"Bitcoin, in particular, of course it's under pressure, because it can be construed as an inflation hedge anymore and what it's trading like instead is unprofitable tech," iCapital Chief Investment Strategist Anastasia Amoroso told Yahoo Finance (video above). "I don't think that invalidates Bitcoin. I think there is a price level of support — perhaps it’s $15,000, which is roughly the cost of production."
The cost of production is the price where bitcoin can be mined by larger operations and still break even or produce a slight profit margin. This breakeven number differs by mining rig.
The crypto landscape has seismic congruent headwinds including the Fed's tightening fiscal policy, the collapse of the prominent algorithmic stablecoin TerraUSD, and a liquidity crunch amid a selloff of highly-speculative assets.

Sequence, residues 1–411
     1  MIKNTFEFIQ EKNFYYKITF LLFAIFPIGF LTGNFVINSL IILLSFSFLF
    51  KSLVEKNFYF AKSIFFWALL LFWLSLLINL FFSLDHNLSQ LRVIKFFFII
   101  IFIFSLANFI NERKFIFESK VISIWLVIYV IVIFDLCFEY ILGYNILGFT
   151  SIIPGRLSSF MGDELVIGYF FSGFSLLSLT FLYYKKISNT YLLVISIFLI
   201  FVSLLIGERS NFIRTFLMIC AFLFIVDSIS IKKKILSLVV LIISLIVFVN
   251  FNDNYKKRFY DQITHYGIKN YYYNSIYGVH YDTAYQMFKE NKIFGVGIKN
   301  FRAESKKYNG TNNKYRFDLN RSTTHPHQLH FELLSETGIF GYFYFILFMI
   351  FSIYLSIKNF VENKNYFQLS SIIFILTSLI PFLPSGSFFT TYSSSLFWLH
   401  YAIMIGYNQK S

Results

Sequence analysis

"I think it's kind of a good cleansing process that we're going through," Amoroso added. "We need to weed out the froth, and we need to focus on the applications that have utility, that have an end use, and those are the ones that will survive this."
'That's not a bad thing'
“We are firmly in a bear market,” Valkyrie Funds CEO Leah Wald recently said on Yahoo Finance Live, referring to an asset falling 20% or more from its most recent high. Bitcoin is down nearly 70% since it's November 2021 high.
All that said, as Amoroso suggested, crypto winters can carry some silver linings: During previous downturns, the market seemed to decide which cryptocurrencies are viable assets while discontinuing those that don’t return substantial use cases; new blockchain projects received more reasonable value propositions; and cryptocurrency adoption at lower prices enabled existing tokens to better scale.
"In bear markets, you have a good opportunity to build," Wald said. "In 2018, in the various bear markets, you've seen a lot of projects that weren't built on firm foundations get completely wiped out. And that's not a bad thing."
Bradley Smith is an anchor at Yahoo Finance. Follow him on Twitter @thebradsmith.